Abstract: Contemporary generative syntacticians tend to endorse principles associated with generative semantics (related to UTAH but also to approaches associated with, e.g. Borer and Ramchand) such that argument structure can be read off of or can project underlying syntactic structure. I argue in opposition that principles of syntactic structure building are truly autonomous such that underlying syntactic structure is determined neither by “theta theory” nor by considerations of aspectual or argument structure. The resulting system of interpretive semantics and phonology better explains both cross-linguistic uniformity and cross-linguistic diversity in the expression of semantic relations, as well as providing insight into the relationship among the EPP, Dependent Case theory, Burzio’s Generalization, ergative case-marking, differential object marking and causative clause union.
(Newcastle University, United Kingdom)
Externalization first: language evolution requires communication
Abstract: Discussing the evolution of language, Chomsky & Berwick (2016) claim that “all recent relevant biological and evolutionary research leads to the conclusion that the process of externalization is secondary” to a purely internal language of thought. This internal language is claimed to have evolved without communication. Here, I argue against this thesis on the basis of the development of the lexicon. Chomsky & Berwick regard the emergence of lexical items as highly mysterious: “no one has any idea” (2016:86) how to account for them. Reversing our account of language evolution so that externalization comes first, I argue that lexical items emerge gradually via communication. Given this premise, we can elucidate the properties of words and the development of a storage and retrieval system devoted to them.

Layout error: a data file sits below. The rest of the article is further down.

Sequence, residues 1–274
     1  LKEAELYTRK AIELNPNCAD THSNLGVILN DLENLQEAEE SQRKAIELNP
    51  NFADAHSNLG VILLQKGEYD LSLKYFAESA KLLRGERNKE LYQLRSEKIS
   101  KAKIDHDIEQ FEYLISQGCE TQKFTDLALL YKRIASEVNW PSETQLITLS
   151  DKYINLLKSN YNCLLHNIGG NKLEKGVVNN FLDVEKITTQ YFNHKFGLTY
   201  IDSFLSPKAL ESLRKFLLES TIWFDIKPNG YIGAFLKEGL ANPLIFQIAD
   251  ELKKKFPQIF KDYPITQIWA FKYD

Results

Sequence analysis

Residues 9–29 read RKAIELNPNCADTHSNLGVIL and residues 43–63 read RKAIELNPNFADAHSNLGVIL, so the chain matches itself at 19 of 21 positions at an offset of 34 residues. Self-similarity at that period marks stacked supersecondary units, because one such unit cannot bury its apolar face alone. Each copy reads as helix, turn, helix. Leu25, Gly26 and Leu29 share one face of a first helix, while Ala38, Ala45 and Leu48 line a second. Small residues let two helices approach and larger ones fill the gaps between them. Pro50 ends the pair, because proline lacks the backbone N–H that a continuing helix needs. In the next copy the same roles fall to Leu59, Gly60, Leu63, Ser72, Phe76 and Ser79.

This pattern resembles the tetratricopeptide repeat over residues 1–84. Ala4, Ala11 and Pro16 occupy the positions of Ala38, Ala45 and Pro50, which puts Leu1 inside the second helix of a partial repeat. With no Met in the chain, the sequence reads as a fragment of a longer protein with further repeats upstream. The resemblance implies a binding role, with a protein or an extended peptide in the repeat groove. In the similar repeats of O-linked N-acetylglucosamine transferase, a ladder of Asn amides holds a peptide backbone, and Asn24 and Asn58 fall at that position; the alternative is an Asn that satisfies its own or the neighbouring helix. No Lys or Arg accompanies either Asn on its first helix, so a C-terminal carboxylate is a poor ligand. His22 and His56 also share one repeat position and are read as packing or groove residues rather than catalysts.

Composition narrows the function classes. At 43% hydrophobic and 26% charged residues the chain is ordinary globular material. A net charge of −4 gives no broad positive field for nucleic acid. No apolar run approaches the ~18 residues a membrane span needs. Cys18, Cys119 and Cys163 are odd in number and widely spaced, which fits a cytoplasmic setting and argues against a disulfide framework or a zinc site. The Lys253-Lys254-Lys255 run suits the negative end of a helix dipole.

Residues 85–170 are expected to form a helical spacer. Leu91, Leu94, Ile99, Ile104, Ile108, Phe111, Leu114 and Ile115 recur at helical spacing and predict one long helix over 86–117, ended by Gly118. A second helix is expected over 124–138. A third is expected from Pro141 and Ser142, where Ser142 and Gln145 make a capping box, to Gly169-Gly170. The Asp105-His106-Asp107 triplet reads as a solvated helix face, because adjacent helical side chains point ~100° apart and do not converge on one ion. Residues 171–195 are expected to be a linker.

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Papers and posters